Rita was pleased that in addition to the gift, several of the creatives on staff had put together a poster of Harry’s greatest hits: ads, speeches, even a few Power Point slides surrounded by logos from various projects. It would probably mean more to him than the frame.
Rita flicks the switch of the light clipped to the lectern. Nothing. She motions to Jennifer since it seems ludicrous to text the intern when she’s only across the room. As the young woman strides confidently toward her, Rita watches a series of men level their eyes at the young woman’s chest, prominent in her close-fitting dress. The rumor is that Jason took Jennifer on in the midst of the most extreme expense controls anyone can remember because he wanted his girlfriend nearby. Rita keeps this in mind, approaching the young woman as if she has a back channel to the boss. She’s grateful the girl is going back to college in the fall.
“Would you please call Building Services and get this fixed?” Rita toggles the useless switch.
“Got it,” Jennifer says, reaching for her phone.
At the back of the room, guests appear in a rush as if all the elevator doors opened at once. Advancing from the throng is Ardis Mayer, Senior Vice President of Human Resources. A few years older than Rita, Ardis wears a mustard-colored suit with matching shoes. Her hair sweeps across her forehead revealing brows tweezed into tiny tadpoles. When she’s close enough to shake hands, Ardis wags a finger. “No tears,” she says, which fits Ardis who’s known to repress every human emotion while at work, causing speculation that she’s actually a bot in human form.
“I know,” Rita says. “Like a man.”
Ardis touches fingers to her brow in a quick salute.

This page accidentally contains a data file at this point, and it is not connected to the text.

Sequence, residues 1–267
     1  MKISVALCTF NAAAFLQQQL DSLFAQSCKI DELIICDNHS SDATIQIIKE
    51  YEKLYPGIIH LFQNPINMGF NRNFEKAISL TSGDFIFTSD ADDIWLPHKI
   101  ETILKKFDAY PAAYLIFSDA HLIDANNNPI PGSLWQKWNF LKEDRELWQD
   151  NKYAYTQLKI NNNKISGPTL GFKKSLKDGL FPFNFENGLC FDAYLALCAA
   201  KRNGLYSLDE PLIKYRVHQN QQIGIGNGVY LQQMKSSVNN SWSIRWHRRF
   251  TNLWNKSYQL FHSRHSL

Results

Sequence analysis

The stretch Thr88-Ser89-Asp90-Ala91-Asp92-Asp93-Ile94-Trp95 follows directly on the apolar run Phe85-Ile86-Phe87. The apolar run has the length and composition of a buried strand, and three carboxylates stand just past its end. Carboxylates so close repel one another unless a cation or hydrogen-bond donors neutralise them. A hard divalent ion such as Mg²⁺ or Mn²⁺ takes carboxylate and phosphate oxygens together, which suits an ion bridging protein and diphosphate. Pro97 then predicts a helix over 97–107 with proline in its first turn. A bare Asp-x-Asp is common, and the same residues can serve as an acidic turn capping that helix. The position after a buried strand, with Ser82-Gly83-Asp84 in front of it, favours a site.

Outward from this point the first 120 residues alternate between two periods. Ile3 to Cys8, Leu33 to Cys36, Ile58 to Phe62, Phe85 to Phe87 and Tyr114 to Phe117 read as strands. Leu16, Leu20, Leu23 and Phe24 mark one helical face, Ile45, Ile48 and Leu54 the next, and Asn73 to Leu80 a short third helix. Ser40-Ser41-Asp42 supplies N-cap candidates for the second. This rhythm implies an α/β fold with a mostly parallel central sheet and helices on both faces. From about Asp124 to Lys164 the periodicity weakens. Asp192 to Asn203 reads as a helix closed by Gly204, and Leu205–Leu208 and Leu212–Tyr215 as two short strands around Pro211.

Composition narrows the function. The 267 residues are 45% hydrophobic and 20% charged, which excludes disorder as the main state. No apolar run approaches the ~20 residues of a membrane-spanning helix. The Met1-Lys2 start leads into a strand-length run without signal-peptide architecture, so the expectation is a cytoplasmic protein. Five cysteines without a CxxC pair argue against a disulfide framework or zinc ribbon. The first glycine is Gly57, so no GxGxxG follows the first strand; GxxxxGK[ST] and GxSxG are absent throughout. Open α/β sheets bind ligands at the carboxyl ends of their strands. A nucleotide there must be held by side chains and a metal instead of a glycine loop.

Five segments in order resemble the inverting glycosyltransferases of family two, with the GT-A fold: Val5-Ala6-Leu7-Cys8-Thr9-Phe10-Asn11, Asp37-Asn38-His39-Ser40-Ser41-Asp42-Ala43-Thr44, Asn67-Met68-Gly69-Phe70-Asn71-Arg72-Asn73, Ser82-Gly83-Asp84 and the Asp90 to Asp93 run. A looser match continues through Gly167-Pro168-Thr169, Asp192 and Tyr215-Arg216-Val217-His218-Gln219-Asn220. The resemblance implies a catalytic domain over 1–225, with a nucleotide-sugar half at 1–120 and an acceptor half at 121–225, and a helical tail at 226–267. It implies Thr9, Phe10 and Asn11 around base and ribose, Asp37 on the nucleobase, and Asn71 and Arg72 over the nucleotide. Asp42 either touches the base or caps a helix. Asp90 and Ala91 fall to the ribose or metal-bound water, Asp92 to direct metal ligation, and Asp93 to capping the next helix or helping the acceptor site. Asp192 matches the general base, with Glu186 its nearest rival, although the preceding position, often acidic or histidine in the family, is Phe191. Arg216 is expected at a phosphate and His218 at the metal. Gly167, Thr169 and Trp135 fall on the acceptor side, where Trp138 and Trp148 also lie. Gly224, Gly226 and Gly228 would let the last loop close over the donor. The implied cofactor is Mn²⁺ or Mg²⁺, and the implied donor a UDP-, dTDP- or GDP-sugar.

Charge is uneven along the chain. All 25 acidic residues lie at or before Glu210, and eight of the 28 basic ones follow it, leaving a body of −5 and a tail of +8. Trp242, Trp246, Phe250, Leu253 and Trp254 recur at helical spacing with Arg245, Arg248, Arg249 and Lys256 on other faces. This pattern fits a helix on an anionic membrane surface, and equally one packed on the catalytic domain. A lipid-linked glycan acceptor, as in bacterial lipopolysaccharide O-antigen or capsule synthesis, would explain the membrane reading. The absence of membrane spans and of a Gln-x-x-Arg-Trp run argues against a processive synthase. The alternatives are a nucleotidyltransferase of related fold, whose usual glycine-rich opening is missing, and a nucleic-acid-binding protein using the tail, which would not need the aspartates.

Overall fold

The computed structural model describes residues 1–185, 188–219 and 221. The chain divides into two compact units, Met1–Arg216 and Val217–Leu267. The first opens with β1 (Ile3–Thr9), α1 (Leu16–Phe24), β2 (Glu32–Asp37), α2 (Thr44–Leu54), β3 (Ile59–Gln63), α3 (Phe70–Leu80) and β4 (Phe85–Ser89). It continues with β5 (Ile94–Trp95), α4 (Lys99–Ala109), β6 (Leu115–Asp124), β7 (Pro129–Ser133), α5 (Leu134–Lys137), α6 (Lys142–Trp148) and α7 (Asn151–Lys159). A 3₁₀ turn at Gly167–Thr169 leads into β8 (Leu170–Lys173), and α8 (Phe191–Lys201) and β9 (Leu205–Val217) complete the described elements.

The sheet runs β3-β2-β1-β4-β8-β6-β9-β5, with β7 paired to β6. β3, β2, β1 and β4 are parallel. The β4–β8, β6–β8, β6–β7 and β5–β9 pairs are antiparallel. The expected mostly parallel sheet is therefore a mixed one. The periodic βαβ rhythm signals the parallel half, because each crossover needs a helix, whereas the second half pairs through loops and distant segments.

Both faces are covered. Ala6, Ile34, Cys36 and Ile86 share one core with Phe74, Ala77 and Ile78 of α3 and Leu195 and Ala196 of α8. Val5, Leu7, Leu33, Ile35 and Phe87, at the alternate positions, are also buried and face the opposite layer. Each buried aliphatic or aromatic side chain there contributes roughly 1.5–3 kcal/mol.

A peal of laughter from the other end of the room floods Rita with dismay. A joke. She‘d forgotten that. She didn’t write a laugh line for Jason because he wouldn’t use it. Instead he’d start with some squirm-inducing remark that was intended to be self-deprecating, like the time he said: “I don’t bother with a joke. If I were funny, I wouldn’t work here.” Rita could come up with a decent line if she had a few minutes alone, but standing here as the room fills, she’d got nothing. She’ll just have to plunge ahead.
She scans the crowd, counting heads, stopping at fifty-five, a substantial turnout. A man in a khaki uniform comes up to repair the light. While he works, the crowd suddenly clumps together. Rita expects to see Harry when the crowd thins. Instead, a cafeteria worker emerges hoisting a tray of shrimp. More guests swarm around, hands reaching over shoulders to grab toothpicks.
As the shrimp-eating machine moves on, Rita spots Harry near the back of the room, moving from one group of co-workers to another, shaking hands, offering his cheek for kisses, like a politician working the room. He cants to one side, leaning on a cane, a burnished wooden stick capped with a silver handle. So much is being taken from Harry: his looks, his job, Rita’s glad to see he isn’t giving up his fashion sense.